Hall of Fame induction strikes joyous notes Video by CAN TV below by Matt Simonette 2017-11-09
The overall mood of the Chicago LGBT Hall of Fame's Nov. 8 ceremony honoring its 2017 inductees was markedly different from the tone at the 2016 ceremony, noted Chicago Commission on Human Relations Commissioner Mona Noriega.
"Last year we were heartbroken, tonight you guys are raucous and yelling," Noriega said.
While the much of the raucousness did likely stem from exuberant friends and families of honorees, many participants were relieved by several progressive political victories that took place across the nation in Nov. 7 elections, providing a much-needed shot of enthusiasm for communities still reeling from events in the wake of Donald Trump's presidency. Last year's LGBT Hall of Fame inductions took place the night after Trump's election.
After a brief performance by the Chicago Gay Men's Chorus on Nov. 8, Friends of the Chicago LGBT Hall of Fame Chair Gary Chichester commented on the appropriateness of one of their selections, "Brand New Day," from The Wiz, which he said was "very fitting for tonight's start."
Chichester added, "We have learned to resist. The pendulum has begun to swing back." He further paid tribute to activist and International Mr. Leather co-founder and longtime bar owner Chuck Renslow and former Sidetrack manager Chuck Hyde, who both died in 2017. Chichester said the evening would be dedicated to their memories.
Mayor Rahm Emanuel choked up speaking about the importance of the city offering acceptance, be it for immigrants or LGBT residents, offering that, in the past year, Chicago has demonstrated that there was a place for both tolerance and inclusion. He further reflected on his own family's history, and the one-century anniversary of his grandfather's emigration: "This great city offered my grandfather an opportunity," Emanuel said.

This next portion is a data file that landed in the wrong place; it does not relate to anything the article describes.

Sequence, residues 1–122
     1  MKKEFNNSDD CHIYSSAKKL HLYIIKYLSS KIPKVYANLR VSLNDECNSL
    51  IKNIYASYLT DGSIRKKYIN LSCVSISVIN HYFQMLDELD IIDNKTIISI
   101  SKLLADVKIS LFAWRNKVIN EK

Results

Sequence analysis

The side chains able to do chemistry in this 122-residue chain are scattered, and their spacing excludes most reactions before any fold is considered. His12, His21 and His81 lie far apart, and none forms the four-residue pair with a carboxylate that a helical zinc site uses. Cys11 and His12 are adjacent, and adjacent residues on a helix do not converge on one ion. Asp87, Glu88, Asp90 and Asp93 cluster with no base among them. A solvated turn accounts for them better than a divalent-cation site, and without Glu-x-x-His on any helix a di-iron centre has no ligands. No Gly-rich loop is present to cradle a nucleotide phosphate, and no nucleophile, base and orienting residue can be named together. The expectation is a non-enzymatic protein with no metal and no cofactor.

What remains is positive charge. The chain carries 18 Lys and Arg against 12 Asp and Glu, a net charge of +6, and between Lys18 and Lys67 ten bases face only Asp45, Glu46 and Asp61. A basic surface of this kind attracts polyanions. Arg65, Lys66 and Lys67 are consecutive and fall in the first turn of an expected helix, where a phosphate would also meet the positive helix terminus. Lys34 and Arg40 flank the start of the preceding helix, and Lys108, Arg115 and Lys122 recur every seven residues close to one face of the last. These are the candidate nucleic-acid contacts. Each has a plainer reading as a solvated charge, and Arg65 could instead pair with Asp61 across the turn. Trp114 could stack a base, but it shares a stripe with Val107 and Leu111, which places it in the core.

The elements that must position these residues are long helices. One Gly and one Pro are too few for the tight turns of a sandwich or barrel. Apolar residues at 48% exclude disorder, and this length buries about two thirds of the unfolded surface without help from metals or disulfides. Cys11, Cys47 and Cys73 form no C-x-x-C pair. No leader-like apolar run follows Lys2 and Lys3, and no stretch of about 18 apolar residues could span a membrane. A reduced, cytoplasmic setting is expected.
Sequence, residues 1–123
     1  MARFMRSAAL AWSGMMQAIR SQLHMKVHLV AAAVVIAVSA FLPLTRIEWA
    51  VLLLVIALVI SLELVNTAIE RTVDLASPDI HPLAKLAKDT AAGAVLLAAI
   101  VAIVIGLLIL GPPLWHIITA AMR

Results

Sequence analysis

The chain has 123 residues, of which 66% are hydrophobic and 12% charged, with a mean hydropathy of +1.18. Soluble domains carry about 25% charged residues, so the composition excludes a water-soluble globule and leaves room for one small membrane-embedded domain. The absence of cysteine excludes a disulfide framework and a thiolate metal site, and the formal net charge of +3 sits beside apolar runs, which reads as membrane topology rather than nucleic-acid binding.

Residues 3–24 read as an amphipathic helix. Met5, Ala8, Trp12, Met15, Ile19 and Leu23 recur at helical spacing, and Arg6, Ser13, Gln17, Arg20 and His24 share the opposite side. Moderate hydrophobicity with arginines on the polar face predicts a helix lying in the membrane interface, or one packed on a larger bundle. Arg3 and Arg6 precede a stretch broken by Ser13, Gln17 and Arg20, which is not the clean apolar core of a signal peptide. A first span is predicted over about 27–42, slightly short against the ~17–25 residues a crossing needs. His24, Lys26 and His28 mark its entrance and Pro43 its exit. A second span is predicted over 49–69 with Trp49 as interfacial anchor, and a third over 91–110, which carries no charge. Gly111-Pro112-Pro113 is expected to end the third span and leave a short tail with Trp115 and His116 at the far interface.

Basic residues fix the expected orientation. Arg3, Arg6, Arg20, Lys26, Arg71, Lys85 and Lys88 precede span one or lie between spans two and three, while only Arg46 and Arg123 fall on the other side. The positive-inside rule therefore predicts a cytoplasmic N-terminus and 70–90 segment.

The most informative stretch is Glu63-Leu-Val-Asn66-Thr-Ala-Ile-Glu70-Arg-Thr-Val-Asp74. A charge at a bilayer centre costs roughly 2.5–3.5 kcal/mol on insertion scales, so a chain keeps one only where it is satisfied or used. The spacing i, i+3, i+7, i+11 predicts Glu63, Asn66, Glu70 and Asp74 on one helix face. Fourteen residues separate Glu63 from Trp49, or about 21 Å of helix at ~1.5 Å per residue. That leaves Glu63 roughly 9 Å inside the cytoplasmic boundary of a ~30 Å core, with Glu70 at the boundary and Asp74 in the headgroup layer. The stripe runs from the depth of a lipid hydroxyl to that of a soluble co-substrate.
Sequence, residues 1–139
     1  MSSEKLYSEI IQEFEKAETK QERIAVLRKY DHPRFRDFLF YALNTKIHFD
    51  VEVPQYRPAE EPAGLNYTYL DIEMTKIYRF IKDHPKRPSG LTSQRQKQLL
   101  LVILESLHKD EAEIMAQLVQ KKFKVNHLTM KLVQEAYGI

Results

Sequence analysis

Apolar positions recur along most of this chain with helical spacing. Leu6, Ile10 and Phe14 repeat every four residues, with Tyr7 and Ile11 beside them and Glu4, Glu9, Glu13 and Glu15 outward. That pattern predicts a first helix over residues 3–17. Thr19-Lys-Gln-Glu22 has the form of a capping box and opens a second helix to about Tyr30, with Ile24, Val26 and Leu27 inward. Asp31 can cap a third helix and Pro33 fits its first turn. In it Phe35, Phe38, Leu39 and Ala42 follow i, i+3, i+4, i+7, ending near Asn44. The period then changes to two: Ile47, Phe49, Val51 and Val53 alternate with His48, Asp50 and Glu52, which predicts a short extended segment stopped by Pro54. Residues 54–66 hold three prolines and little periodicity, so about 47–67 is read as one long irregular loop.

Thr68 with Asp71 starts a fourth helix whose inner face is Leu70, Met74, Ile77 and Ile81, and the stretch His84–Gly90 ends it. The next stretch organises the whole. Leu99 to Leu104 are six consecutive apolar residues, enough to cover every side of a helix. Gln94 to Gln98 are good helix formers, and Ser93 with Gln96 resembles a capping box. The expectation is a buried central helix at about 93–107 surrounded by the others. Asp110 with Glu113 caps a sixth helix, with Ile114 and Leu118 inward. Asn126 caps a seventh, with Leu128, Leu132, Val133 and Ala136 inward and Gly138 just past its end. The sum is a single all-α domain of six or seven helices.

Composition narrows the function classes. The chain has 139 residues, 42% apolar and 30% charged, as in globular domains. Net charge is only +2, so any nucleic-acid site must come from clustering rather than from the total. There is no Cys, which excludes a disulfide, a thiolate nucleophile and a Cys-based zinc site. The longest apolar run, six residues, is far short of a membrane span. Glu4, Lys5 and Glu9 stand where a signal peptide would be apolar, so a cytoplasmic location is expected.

Openly gay broadcasting personality John Hansen emceed the evening. He recalled that at one time the only public LGBT figures he knew of were on TV and named "Will" and "Jack," and added that the ceremony was not just an honor to the inductees, but a reminder that the struggles for equality are often "a long, winding, mostly treacherous road."
Two prior inductees, author and historian St. Sukie de la Croix and Pride Action Tank Executive Director Kim Hunt, presented the awards. Honorees included Actor/activist Keith Butler; police officer Kathern Caldwell; artist Greer Lankton ( 1958-1996 ); Grab publisher Mark Nagle; Walgreens pharmacist and HIV/AIDS advocate Glen Pietrandoni; community advocate Dulce Quintero; author Timothy Stewart-Winter; performer/activist Ketty Teanga ( 1947-2011 ); advocate Alicia Vega; Lavender Woman newspaper from the 1970s; Leather Archives & Museum; People like Us bookstore; Alphawood Foundation; and lawyer, activist and bar owner Ralla Klepak ( friend of the community ).
Ald. Deb Mell, 33rd Ward, read the rules for the nomination process and spoke briefly as well, remarking on the gratitude she felt to be openly lesbian in her city council post.
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